Recently, Professor Nenad Sestan along with his team have restored cellular activity and circulation in a pig’s brain, post death. Additionally, the researcher couldn’t find any evidence of perception or awareness.
This research has raised questions against the previous belief that stated brain functions are irrevocable after death. Moreover, it has opened new avenues for scientists in which they can study the brain in its intact form.
Oxygen Deprivation Key Factor in Mammalian Brains
Mammalian brains are extremely sensitive to oxygen deprivation, which can result in brain damage and neuronal death. Scientists largely believed that blood and oxygen supply cut-off triggers are irrevocable due to the chain reaction of cellular damage. However, Sestan and his team found this concept intriguing, and aimed to further research on it. While regularly working in their lab, they noticed signs of cellular viability in the tissue samples and carried their analyses. They determine these signs a few hours after death.
Researchers Developed New System – Brainex to Understand Brain Functions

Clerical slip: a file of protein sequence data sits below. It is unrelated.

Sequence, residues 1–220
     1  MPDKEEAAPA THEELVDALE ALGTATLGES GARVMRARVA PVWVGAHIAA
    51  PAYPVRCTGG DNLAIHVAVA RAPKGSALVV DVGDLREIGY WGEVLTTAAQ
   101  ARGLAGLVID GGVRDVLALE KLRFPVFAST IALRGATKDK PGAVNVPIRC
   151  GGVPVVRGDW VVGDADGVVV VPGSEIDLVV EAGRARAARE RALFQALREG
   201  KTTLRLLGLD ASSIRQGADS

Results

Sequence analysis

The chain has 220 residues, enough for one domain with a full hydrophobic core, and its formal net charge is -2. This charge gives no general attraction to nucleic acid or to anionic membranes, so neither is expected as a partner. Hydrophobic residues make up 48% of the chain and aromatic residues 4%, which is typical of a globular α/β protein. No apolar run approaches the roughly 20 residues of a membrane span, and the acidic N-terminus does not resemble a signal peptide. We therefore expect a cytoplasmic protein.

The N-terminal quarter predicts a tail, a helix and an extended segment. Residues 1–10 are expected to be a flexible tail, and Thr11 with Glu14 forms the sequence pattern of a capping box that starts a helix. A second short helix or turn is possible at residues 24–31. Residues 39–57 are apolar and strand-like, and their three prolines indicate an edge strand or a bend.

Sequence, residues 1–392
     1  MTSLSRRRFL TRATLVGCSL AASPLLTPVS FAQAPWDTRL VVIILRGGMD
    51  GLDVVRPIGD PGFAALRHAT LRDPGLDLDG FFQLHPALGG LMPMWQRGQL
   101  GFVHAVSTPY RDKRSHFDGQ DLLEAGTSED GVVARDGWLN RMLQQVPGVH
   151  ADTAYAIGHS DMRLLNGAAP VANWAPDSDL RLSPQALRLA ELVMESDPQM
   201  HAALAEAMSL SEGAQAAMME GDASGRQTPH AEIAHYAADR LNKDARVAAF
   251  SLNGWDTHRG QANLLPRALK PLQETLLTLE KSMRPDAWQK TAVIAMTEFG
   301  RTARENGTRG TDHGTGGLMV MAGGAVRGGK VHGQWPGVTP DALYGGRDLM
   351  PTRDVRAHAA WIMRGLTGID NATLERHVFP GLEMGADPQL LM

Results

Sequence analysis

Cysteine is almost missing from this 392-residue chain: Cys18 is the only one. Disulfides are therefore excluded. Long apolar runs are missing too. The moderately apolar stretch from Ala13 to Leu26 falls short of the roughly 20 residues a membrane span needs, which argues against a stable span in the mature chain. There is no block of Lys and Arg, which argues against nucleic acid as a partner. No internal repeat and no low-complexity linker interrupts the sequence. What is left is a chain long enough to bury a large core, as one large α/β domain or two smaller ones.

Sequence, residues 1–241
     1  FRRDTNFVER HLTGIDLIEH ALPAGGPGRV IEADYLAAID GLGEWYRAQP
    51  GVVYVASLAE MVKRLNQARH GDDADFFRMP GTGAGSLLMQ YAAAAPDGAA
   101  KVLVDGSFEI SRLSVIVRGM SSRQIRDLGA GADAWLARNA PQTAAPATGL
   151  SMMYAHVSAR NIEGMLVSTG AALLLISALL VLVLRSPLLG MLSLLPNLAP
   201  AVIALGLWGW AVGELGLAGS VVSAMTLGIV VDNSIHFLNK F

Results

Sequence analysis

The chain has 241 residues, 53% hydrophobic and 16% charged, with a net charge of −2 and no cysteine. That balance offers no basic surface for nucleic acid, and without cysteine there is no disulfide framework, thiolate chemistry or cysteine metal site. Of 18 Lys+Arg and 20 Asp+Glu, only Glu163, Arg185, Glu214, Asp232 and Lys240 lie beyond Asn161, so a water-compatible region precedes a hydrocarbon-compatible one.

To test their hypothesis, the team created a system called BrainEx. This system mimics blood flow at normal body temperature. Researchers selected 32 pigs from a meatpacking plant and tested pig’s brain in the system 4 hours after death.
After blood transfusion for 6 hours on BrainEx, researchers noticed decreased cell death. They also experienced return of some synaptic activity among the neurons. The scientists found signs that glial, neuronal, and vascular cells were still functioning and they preserved the integrity of neurons.
It is amusing to know that an intact brain of a mammal has the capacity for retaining certain molecular, circulation, and cellular activities. That too, hours after circulatory arrest. However, one key concern remains.